Sports column: A few suggestions for your Fourth of July playlist
Published 4:00 am Sunday, July 2, 2023
It’s Independence Day weekend, that time of year when we celebrate our awesome and unique American freedoms. Fireworks. Cookouts. Long evenings. Red, white and blue.
And music. Lots and lots of music.
There’s a giant playlist of songs appropriate for July 4. From John Phillip Sousa marches to wrestler theme songs, you’re going to hear a bunch of them this weekend. Some you’ll hear dozens of times. It seems like a good time to highlight a few of my favorites that you might want to add to your own cookout playlist:
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• “Real American” — Nothing, and I mean nothing, will make you want to run through a wall for this country harder and faster than hearing Rick Derringer’s “Real American,” best known as wrestler Hulk Hogan’s intro music.
Just listening to it while writing this column made me want to rip my shirt off and flex. But after I did that, listening to the lyrics reveals an oddly deep message about a lot of American ideals — namely, standing up for what’s right and having the courage to rise up after getting knocked down.
I’d say we should hear this one a lot more at Fourth of July fireworks shows, but that might wind up with us having hundreds of shirtless people posing in public parks. Might ruin the whole family friendly vibe.
• “Living in America” — James Brown’s 1985 song was used as Apollo Creed’s entrance music in “Rocky IV.”
It’s hard not to dance along and celebrate a lot of the great things in American culture that are mentioned — until you remember that, 10 minutes after Brown sang it in the movie, Apollo was beaten to death by an evil Russian.
Still a great song, though.
• “God Bless the USA” — Lee Greenwood released his iconic song praising the freedom and opportunities the United States offers in 1984. Somehow, it escaped my attention for 14 years.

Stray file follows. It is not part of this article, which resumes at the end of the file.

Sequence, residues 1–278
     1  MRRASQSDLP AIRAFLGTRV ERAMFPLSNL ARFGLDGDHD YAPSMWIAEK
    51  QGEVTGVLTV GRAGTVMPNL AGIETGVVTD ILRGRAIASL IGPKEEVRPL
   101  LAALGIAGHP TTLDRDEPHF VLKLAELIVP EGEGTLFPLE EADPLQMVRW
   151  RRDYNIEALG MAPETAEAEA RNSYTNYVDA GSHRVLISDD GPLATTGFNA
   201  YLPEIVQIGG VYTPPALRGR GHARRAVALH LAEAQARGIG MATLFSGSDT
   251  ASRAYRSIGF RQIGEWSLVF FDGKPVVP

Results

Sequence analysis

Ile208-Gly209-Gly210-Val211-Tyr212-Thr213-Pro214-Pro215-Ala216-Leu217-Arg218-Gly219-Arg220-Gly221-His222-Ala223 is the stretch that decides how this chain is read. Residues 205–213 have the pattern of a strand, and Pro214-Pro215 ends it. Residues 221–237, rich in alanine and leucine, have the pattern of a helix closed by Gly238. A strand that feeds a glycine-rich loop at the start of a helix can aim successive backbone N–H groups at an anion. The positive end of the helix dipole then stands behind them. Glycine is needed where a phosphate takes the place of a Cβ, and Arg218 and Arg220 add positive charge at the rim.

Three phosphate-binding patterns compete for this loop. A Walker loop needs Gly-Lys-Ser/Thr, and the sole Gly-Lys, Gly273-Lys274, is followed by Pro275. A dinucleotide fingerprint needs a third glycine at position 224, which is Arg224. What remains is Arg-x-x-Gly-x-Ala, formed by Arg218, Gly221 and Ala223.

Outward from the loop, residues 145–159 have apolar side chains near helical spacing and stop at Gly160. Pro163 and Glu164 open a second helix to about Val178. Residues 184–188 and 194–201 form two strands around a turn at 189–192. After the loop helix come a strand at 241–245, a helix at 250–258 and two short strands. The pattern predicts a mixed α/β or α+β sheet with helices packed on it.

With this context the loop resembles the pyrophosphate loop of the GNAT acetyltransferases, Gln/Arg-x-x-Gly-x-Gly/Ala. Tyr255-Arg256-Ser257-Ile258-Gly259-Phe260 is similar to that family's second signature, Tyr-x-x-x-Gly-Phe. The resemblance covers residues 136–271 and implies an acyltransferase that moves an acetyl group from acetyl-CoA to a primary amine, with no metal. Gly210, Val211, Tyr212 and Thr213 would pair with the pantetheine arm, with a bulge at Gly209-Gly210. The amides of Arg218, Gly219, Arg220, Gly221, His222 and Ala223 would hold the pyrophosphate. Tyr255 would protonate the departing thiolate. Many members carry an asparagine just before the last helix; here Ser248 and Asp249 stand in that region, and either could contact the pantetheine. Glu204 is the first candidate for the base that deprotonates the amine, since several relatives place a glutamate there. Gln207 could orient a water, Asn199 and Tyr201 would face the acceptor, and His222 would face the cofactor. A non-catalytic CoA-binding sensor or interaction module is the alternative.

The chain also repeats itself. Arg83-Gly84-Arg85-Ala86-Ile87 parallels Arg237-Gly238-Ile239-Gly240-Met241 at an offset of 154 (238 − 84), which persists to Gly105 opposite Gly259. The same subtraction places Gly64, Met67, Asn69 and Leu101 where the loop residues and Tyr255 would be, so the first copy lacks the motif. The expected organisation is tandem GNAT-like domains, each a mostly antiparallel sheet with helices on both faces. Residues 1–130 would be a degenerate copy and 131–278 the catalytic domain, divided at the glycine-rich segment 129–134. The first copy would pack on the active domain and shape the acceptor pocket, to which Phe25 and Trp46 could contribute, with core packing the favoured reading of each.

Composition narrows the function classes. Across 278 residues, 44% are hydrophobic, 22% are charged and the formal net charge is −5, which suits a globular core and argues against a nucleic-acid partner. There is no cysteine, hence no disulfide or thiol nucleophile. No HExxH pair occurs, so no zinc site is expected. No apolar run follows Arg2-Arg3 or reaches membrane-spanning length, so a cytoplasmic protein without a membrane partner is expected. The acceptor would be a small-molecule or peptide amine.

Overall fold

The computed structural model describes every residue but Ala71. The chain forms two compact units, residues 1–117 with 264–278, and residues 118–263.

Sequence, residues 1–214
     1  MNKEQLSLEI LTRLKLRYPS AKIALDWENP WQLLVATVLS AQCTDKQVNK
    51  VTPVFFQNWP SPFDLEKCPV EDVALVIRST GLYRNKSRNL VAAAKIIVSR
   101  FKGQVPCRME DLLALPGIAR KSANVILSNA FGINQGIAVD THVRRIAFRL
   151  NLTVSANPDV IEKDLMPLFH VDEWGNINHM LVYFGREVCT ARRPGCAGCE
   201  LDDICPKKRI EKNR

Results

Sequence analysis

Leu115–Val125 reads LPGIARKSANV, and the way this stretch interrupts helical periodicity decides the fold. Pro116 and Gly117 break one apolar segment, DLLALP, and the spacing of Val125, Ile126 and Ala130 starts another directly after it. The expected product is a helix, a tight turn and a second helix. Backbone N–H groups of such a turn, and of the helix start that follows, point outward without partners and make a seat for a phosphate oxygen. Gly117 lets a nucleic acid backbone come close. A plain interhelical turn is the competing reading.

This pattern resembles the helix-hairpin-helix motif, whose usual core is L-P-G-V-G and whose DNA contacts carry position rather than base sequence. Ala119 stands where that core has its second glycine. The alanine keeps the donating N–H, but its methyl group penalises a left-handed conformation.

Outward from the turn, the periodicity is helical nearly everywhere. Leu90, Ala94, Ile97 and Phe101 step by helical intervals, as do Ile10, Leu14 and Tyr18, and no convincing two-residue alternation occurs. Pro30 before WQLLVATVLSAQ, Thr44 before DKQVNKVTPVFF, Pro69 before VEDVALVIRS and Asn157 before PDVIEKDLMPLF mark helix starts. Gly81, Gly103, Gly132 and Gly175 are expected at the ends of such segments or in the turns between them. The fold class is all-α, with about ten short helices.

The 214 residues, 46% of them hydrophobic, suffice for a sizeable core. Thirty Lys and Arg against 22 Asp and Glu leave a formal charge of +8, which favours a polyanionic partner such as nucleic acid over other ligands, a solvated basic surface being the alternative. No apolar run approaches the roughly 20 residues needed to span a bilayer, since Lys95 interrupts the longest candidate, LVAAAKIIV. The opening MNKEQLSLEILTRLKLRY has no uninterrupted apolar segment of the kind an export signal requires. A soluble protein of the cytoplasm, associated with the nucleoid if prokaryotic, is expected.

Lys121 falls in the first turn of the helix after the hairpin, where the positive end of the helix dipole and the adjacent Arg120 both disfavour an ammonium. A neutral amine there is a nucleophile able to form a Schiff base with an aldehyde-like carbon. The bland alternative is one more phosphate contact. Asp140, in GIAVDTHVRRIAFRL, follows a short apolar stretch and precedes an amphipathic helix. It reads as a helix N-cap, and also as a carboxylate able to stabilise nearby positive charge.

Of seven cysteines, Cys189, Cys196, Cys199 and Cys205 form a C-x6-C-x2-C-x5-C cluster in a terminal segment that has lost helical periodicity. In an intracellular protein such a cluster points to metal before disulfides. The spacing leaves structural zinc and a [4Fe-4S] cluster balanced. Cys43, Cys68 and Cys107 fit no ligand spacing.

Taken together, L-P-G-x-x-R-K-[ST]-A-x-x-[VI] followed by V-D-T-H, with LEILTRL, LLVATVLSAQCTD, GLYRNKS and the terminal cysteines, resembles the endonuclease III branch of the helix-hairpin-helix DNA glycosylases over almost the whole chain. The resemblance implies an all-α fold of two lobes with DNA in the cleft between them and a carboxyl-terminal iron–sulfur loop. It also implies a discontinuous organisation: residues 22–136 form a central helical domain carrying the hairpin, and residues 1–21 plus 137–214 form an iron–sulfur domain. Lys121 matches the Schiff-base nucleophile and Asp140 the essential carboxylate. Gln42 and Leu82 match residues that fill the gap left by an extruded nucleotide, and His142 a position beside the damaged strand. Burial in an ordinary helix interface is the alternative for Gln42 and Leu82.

While taking a cross country trip for a job interview on the weekend of July 4, 1998, I heard it for the first time. By the time I got home on July 7, I’d heard it approximately 3,923 times — and it never got old, nor has it ever since. It’s the rare song that just captures a feeling perfectly in both its message and execution.
• “Only in America” — Brooks & Dunn’s 2001 hit is one of my favorites. The way it imparts a hopefulness and optimism at the endless opportunities that lay in front of us — available only in America, as the title states — sums up in a few minutes what this country is really all about.
“We all get a chance/Everybody gets to dance/Only in America,” isn’t just a great lyric, it’s exactly what this country is all about. No matter your station in life, no matter your upbringing, if you have a heartbeat, a dream, and the passion to make it happen, then no dream is out of reach.
• “Born in the USA” — Has there ever been a more misunderstood musical artist than Bruce Springsteen? Nobody mixes catchy beats and hooks with lyrics so depressing you need counseling after hearing them like The Boss.
The jaunty baseball staple “Glory Days” is a sad tale of clinging to the past.
“Dancin’ in the Dark” is a bit more positive, but still a ballad about a guy struggling to break out of a huge rut in life.
“Born in the USA” has been held up as a patriotic anthem for 40 years, but it’s really a horrifying song about giving up on the American dream and dealing with postwar PTSD. Yet when it’s played at fireworks shows this weekend, we’ll still tap our feet and sing along to it.
Strange cat, that Springsteen.
• “Yankee Doodle Dandy” — This is a more traditional song, predating even the Revolutionary War, that is an incredibly underrated piece of 18th century trash talking.
It was originally written in the 1750s by a British soldier to mock American colonists. The famous lyric “Stuck a feather in his cap and called it macaroni” is nonsensical now, but originally referred to Americans who acted stupidly and put on unwarranted airs of aristocracy. Macaroni wigs were a high-class fashion statement in the mid-1700s. It was a very strange time.
Within a couple of decades, however, the Americans tweaked the lyrics a bit to mock the British and adopted it as one of our first unofficial national anthems.
So, when you hear it this weekend, go ahead and sing along and celebrate America’s first diss track. The little guy standing up and sticking it to The Man is as American as it gets.
Ernest Bowker is the sports editor of The Vicksburg Post. He can be reached at email@example.com